We see reasons for optimism based on what we’ve been hearing as we talk with company management teams. Generally speaking, domestic businesses are experiencing positive momentum and improving fundamentals. For instance, trucking companies are reporting better pricing trends, and industrial firms are citing strengthening demand. What’s more, management teams are discussing the use of the proceeds from the December tax cut for increased investments in their businesses. We think these developments point to accelerated economic activity, which is supportive for the market in general, and for smaller companies in particular. We believe this favorable backdrop will help create ongoing opportunities to identify the higher-quality, fundamentally sound and financially strong companies in which we seek to invest.

Thank you for the opportunity to manage your assets.


Jim Larkins



**The Russell 2000 Value Index measures the performance of Russell 2000 Index companies with lower price-to-book ratios and lower forecasted growth values.

The Russell 2000 Index is an unmanaged total return index of the smallest 2,000 companies in the Russell 3000 Index, as ranked by total market capitalization. The Russell 3000 Index is an unmanaged total return index of the largest 3,000 U.S. companies based on total market capitalization. The Russell 2000 Index is widely used in the industry to measure the performance of small company stocks.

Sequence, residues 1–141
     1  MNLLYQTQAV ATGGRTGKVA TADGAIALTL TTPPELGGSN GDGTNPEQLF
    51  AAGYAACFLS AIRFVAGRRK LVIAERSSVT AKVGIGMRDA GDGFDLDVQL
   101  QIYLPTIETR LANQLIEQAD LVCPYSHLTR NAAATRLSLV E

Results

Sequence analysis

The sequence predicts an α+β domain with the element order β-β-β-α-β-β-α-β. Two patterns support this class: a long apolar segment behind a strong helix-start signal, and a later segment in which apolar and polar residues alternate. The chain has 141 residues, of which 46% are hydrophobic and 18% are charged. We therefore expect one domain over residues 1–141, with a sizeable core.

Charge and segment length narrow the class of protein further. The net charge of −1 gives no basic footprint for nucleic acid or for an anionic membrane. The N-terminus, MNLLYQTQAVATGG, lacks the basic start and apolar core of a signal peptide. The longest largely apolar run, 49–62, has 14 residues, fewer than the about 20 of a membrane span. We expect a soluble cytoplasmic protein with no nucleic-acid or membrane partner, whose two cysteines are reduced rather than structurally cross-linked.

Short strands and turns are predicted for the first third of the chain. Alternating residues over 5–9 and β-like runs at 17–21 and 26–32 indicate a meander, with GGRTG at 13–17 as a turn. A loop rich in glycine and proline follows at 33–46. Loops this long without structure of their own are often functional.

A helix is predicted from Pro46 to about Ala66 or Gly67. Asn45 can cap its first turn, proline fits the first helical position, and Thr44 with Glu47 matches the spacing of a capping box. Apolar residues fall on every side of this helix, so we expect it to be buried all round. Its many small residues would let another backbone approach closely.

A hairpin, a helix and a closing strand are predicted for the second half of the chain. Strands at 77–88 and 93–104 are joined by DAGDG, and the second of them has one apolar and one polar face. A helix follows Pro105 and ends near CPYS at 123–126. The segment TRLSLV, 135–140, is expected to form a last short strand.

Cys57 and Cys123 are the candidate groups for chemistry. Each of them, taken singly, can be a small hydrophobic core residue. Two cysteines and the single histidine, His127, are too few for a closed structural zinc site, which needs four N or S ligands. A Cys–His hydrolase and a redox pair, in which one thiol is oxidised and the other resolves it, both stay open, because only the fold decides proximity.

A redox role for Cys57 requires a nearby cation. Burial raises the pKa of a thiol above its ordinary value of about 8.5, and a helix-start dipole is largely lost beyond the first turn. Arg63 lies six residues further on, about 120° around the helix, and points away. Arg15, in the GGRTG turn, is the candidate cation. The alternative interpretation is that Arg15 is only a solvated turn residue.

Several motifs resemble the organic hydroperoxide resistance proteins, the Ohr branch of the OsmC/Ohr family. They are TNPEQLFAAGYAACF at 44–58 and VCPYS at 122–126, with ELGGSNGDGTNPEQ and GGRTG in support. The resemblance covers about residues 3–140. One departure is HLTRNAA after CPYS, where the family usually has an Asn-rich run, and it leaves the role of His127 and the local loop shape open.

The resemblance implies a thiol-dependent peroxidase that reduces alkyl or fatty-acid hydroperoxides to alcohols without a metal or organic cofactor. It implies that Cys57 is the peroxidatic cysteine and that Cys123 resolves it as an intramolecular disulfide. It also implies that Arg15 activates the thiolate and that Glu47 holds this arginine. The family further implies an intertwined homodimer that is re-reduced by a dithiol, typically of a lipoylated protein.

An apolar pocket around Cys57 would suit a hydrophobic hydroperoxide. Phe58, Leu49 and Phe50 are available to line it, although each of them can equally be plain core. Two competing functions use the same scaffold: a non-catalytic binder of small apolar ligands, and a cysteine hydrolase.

You cannot invest directly in these or any indexes.

Frank Russell Company is the source and owner of the Russell Index data contained or reflected in this material and all trademarks and copyrights related thereto. This is a presentation of Wasatch Advisors, Inc. The presentation may contain confidential information and unauthorized use, disclosure, copying, dissemination or redistribution is strictly prohibited. Frank Russell Company is not responsible for the formatting or configuration of this material or for any inaccuracy in Wasatch Advisors, Inc.’s presentation thereof.

The Wasatch Small Cap Value Fund’s investment objective is long-term growth of capital. Income is a secondary objective, but only when consistent with long-term growth of capital.

Valuation is the process of determining the current worth of an asset or company.

The Russell 2000 Value Index measures the performance of Russell 2000 Index companies with lower price-to-book ratios and lower forecasted growth values.   The Russell 2000 Index measures the performance of the 2,000 smallest companies in the Russell 3000® Index, which represents approximately 8% of the total market capitalization of the Russell 3000 Index.   Russell Investment Group is the source and owner of the trademarks, service marks and copyrights related to the Russell Indexes. Russell® is a trademark of Russell Investment Group. 

You cannot invest directly in indexes.